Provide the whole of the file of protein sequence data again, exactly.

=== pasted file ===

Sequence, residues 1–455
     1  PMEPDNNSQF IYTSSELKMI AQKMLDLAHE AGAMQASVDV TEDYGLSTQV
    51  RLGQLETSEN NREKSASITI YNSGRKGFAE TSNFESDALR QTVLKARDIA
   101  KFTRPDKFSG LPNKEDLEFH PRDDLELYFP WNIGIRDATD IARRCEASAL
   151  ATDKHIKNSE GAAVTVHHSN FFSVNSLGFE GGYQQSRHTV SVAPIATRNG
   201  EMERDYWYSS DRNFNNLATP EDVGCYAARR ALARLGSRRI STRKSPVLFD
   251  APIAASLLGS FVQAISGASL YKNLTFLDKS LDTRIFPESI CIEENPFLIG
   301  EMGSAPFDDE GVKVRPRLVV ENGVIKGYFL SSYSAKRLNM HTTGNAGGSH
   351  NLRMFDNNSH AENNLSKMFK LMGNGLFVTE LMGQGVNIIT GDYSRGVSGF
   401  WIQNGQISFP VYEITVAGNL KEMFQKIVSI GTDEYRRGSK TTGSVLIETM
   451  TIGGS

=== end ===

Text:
Sequence, residues 1–455
     1  PMEPDNNSQF IYTSSELKMI AQKMLDLAHE AGAMQASVDV TEDYGLSTQV
    51  RLGQLETSEN NREKSASITI YNSGRKGFAE TSNFESDALR QTVLKARDIA
   101  KFTRPDKFSG LPNKEDLEFH PRDDLELYFP WNIGIRDATD IARRCEASAL
   151  ATDKHIKNSE GAAVTVHHSN FFSVNSLGFE GGYQQSRHTV SVAPIATRNG
   201  EMERDYWYSS DRNFNNLATP EDVGCYAARR ALARLGSRRI STRKSPVLFD
   251  APIAASLLGS FVQAISGASL YKNLTFLDKS LDTRIFPESI CIEENPFLIG
   301  EMGSAPFDDE GVKVRPRLVV ENGVIKGYFL SSYSAKRLNM HTTGNAGGSH
   351  NLRMFDNNSH AENNLSKMFK LMGNGLFVTE LMGQGVNIIT GDYSRGVSGF
   401  WIQNGQISFP VYEITVAGNL KEMFQKIVSI GTDEYRRGSK TTGSVLIETM
   451  TIGGS